Goodreads helps you keep track of books you want to read.
Start by marking “The Winner-Take-All Society: Why the Few at the Top Get So Much More Than the Rest of Us” as Want to Read:
The Winner-Take-All Society: Why the Few at the Top Get So Much More Than the Rest of Us
Enlarge cover
Rate this book
Clear rating
Open Preview

The Winner-Take-All Society: Why the Few at the Top Get So Much More Than the Rest of Us

3.67  ·  Rating details ·  208 ratings  ·  18 reviews
Disney chairman Michael Eisner topped the 1993 Business Week chart of America's highest-paid executives, his $203 million in earnings roughly 10,000 times that of the lowest paid Disney employee.During the last two decades, the top one percent of U.S. earners captured more than 40 percent of the country's total earnings growth, one of the largest shifts any society has end ...more
Paperback, 288 pages
Published September 1st 1996 by Penguin Books (first published 1995)
More Details... Edit Details

Friend Reviews

To see what your friends thought of this book, please sign up.

Reader Q&A

To ask other readers questions about The Winner-Take-All Society, please sign up.

Be the first to ask a question about The Winner-Take-All Society

Community Reviews

Showing 1-30
3.67  · 
Rating details
 ·  208 ratings  ·  18 reviews

More filters
Sort order
Dec 28, 2008 rated it really liked it
Shelves: current-affairs
Robert Frank and Philip J. Cook have written a most interesting book that explains why the salary of a typical American executive today is 120 times that of the average manufacturing worker when it was 35 times that in 1974; why "the incomes of the top 1 percent more than doubled in real terms between 1979 and 1989, a period during which the median income was roughly stable and in which the bottom 20 percent saw their income actually fall by 10 percent."

The authors reject the arguments that the
Doc Opp
Apr 28, 2008 rated it really liked it
This review has been hidden because it contains spoilers. To view it, click here.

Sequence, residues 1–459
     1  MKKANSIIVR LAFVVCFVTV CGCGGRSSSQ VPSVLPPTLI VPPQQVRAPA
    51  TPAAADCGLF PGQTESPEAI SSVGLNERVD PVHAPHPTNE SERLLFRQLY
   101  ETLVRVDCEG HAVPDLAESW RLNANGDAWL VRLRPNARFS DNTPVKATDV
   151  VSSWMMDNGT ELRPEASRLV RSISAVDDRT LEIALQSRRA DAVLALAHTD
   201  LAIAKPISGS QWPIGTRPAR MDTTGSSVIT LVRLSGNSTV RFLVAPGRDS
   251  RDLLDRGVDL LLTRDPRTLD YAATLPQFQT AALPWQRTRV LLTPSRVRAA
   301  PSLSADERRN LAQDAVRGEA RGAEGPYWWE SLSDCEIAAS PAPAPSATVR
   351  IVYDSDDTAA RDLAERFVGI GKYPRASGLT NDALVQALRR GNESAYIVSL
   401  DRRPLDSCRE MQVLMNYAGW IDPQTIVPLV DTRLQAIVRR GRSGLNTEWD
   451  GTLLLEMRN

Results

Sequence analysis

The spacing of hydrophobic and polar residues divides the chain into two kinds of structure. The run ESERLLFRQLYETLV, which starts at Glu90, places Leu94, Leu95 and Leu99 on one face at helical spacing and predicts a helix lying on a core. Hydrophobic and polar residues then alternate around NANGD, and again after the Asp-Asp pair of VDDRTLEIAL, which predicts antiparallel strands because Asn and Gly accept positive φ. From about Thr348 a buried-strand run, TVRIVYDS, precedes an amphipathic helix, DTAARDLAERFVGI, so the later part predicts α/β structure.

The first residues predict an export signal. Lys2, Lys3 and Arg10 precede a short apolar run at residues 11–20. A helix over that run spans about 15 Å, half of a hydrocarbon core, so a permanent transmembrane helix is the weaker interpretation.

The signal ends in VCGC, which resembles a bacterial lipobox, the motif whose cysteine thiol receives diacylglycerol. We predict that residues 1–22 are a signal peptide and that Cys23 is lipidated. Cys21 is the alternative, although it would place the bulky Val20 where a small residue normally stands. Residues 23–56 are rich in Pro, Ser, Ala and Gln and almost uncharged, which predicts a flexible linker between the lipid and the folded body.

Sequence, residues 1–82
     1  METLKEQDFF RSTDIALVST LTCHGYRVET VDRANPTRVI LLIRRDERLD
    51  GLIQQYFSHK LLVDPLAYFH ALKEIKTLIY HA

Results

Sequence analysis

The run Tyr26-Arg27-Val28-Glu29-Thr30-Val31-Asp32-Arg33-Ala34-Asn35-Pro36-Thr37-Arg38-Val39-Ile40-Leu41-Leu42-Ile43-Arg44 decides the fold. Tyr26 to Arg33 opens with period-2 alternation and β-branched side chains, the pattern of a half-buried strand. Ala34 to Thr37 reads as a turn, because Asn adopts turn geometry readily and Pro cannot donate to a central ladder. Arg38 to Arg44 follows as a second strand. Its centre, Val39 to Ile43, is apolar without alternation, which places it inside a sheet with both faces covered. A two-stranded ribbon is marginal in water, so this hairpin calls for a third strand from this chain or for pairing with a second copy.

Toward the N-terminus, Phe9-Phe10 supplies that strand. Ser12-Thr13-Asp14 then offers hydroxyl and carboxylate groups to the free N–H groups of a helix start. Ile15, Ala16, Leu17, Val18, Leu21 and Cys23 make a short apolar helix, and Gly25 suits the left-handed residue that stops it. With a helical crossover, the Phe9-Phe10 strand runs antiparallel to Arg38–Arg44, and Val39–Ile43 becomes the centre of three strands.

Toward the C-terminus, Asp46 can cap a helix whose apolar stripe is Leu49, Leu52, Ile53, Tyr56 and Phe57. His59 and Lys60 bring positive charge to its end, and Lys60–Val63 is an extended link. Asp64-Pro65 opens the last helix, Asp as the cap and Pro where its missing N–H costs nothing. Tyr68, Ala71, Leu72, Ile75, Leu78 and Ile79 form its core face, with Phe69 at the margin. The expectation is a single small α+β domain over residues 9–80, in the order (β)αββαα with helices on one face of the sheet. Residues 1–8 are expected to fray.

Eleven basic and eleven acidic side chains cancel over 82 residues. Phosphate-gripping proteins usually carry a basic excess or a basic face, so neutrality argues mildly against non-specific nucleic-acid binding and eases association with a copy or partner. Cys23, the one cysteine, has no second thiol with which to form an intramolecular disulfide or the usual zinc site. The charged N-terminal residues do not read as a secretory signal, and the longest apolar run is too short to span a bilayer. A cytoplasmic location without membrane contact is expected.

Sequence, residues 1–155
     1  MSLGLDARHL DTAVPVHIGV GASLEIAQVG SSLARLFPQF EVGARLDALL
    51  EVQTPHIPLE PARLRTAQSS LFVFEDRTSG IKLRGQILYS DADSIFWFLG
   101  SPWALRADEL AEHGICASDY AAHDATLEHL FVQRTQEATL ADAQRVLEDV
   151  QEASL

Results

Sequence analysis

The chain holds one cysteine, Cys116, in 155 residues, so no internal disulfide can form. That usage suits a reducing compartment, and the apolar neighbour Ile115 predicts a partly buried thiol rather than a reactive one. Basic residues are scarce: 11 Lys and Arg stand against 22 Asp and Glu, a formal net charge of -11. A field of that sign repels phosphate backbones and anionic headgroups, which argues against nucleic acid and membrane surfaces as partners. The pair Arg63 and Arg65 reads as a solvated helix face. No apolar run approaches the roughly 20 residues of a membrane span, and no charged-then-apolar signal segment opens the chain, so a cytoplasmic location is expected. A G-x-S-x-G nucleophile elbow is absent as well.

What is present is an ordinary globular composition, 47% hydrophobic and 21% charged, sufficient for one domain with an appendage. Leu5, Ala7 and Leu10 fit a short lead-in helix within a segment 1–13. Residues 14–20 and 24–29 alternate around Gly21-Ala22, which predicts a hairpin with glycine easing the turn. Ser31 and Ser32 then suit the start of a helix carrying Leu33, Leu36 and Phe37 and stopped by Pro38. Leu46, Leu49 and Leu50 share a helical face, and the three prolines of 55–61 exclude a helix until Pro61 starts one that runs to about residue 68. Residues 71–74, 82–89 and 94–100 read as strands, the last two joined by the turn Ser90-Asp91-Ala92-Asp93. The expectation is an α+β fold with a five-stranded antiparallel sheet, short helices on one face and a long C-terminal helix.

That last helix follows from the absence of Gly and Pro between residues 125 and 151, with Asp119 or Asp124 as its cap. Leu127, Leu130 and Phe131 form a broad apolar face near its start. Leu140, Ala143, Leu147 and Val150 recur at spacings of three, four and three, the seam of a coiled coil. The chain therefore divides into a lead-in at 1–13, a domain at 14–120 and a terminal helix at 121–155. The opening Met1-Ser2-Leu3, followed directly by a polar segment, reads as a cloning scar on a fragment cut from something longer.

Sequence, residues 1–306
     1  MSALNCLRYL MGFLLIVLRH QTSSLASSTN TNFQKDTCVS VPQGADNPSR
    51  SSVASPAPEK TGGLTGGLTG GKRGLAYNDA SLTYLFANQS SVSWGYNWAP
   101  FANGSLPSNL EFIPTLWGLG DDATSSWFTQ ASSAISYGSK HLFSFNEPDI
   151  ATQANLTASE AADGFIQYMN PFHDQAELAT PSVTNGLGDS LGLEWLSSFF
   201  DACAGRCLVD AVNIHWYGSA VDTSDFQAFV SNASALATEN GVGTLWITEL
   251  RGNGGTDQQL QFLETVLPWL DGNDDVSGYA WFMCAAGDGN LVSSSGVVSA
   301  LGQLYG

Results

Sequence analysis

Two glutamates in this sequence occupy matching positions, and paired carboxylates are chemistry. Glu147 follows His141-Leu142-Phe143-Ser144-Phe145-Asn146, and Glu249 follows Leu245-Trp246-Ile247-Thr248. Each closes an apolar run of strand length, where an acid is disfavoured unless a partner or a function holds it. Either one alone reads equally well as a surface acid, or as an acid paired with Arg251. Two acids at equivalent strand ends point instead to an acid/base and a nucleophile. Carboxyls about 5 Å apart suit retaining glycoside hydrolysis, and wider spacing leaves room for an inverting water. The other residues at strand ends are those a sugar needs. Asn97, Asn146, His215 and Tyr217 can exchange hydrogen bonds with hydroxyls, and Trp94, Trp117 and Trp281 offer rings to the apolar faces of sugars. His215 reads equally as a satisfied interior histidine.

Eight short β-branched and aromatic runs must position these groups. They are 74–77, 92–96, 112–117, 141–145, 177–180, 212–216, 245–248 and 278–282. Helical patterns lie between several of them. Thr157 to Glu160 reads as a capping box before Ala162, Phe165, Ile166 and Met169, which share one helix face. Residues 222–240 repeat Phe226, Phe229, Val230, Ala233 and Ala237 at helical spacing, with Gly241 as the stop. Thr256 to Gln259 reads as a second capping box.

Mark Oppenlander
I hesitate to call something "important." Like many adjectives in our sensationalized media-circus of a world, I think that the word "important" has been overused. However, I don't think I can get away without using that term here. This book really draws attention to some concepts that we should all be aware of and that we should all probably still be talking about, even though the book first came out in 1995.

I found this title on a list of "best business books" provided to me by a colleague. Bu
Scott Ford
Feb 06, 2010 rated it liked it
Shelves: economics
What's the adage: Go with the number two guy, 'cause he'll work harder than number one. The authors do good work in discussing weaknesses in a unregulated economy.
Jonathan Williams
Jul 02, 2018 rated it liked it
While I found the topic interesting and informative, the content structure was heavily flawed and seemed to have no reasonable organization. Structure aside, Philip J. Cook and Robert H. Frank effectively described winner-take-all markets and how they are formed.

My biggest takeaway is that industries that favor comparative achievement (similar to an incumbent in a political party) prize the top earns very heavily despite the talented efforts of the many. A classic example is commonly found duri
Mar 14, 2017 rated it really liked it
Even a fair amount of examples used in this book are too old, (like John Elway and Micheal Jordan), the book is full of insights.
Dec 05, 2013 rated it liked it  ·  review of another edition
this book explores the age old prisoner's dilemma in many fields and how, if left unchecked, could lead to lose-lose situation. Relative performance vs absolute performance is the key.

however it's still very hard to change, given the inertia and payoff (from an individual perspective). I thought what could be discussed more is what an individual could possibly do in order to break away from this syndrome. And hopefully the effort will somehow snowball into noticeable change that can benefit soc
Edwin Seno
Oct 31, 2013 rated it liked it
Recommends it for: John Seno
The authors have given an interesting outlook to winner-take-all markets that I've always thought reflected the intrinsic functioning of the human civilization. I am a firm believer in capitalism and free markets so initially, I adversely found the book 'Marxist' in nature. But as I read it, I opened up to the remedies offered for a more equitable society. I at times found the illustrations very out-dated but I understand the book was published in 1995. Anyway, a very good read for anyone with a ...more